As a result, just about anything could be bundled and turned into a triple-A bond—corporate bonds, bank loans, mortgage-backed securities, whatever you liked. The consequent pools were often known as collateralized debt obligations, or CDOs. You could tranche that pool and create a triple-A security even if none of the components were themselves triple-A. You could even take lower-rated tranches of other CDOs, put them in a pool, and tranche them—an instrument known as a CDO-squared, which at that point was so far removed from any actual underlying bond or loan or mortgage that no one really had a clue what it included. But it didn't matter. All you needed was Li's copula function.

He's now in hiding in China somewhere....

It's the new math!


Tengrain of Mock, Paper, Scissors does it again!

It's WTF Thursday!

As in this story:
DENVER – A good Samaritan who helped push three people out of the path of a pickup truck before being struck and injured has gotten a strange reward for his good deed: A jaywalking ticket.

Family members said 58-year-old bus driver Jim Moffett and another man were helping two elderly women cross a busy Denver street in a snowstorm when he was hit Friday night.

Moffett suffered bleeding in the brain, broken bones, a dislocated shoulder and a possible ruptured spleen. He was in serious but stable condition Wednesday.

The Colorado State Patrol issued the citation. Trooper Ryan Sullivan said that despite Moffett's intentions, jaywalking contributed to the accident.

Moffett had been driving his bus when the two women got off. In the interest of safety, he got out and, together with another passenger, helped the ladies cross.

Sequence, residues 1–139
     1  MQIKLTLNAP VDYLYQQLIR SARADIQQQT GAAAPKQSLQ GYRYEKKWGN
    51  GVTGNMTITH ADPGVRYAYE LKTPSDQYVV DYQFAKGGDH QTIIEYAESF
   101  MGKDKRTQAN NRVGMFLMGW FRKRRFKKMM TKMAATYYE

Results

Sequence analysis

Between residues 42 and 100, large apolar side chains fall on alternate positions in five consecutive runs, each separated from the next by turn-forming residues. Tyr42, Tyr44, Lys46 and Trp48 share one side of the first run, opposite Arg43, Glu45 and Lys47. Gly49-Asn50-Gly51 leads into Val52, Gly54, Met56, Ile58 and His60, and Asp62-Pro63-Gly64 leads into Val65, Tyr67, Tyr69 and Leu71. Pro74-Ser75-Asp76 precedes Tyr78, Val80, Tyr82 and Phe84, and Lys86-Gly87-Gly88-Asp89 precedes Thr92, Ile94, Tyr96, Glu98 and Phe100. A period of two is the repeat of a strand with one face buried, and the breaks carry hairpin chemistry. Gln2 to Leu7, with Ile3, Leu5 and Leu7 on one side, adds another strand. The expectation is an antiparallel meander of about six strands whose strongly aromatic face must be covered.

Moffett's stepson, Ken McDonald, said the driver of the pickup plowed into his stepfather, but not before Moffett pushed the two women out of the way.
And this one:
FOX16 News obtained surveillance video of the attack at a McDonald’s on Rodney Parham that left an employee with multiple gunshot wounds. The August 2008 video shows a man wearing a white shirt hitting a woman. Seconds later, an employee runs in to break it up and the attacker is forced outside. Off camera, the employee was shot three times. He walks back inside and then collapses before medical attention arrives.

Six days after the attack, LRPD detectives arrested Perry Kennon, 27, charging him with shooting Nigel Haskett. After three surgeries, $300,000 in medical bills and six months recovery, Haskett filed a workers compensation claim for his injuries.

Claims specialist Misty Thompson with insurance broker Ramsey, Krug, Farrell and Lensing responded, denying Haskett's claim.

"We've denied this claim in its entirety, it's our opinion that Mr. Haskett's injuries did not arise out of or within the course of his employment," a portion of the statement reads.

Philip Wilson is Haskett's attorney. He says the defense from McDonald's insurer is baffling.

"Seems like any employer would want a disturbance stopped and that's what this young man was simply trying to do," Wilson says.
What the hell are these people thinking? They've immediately lost support of the public and look like assholes as well. Good luck trying to win over a jury.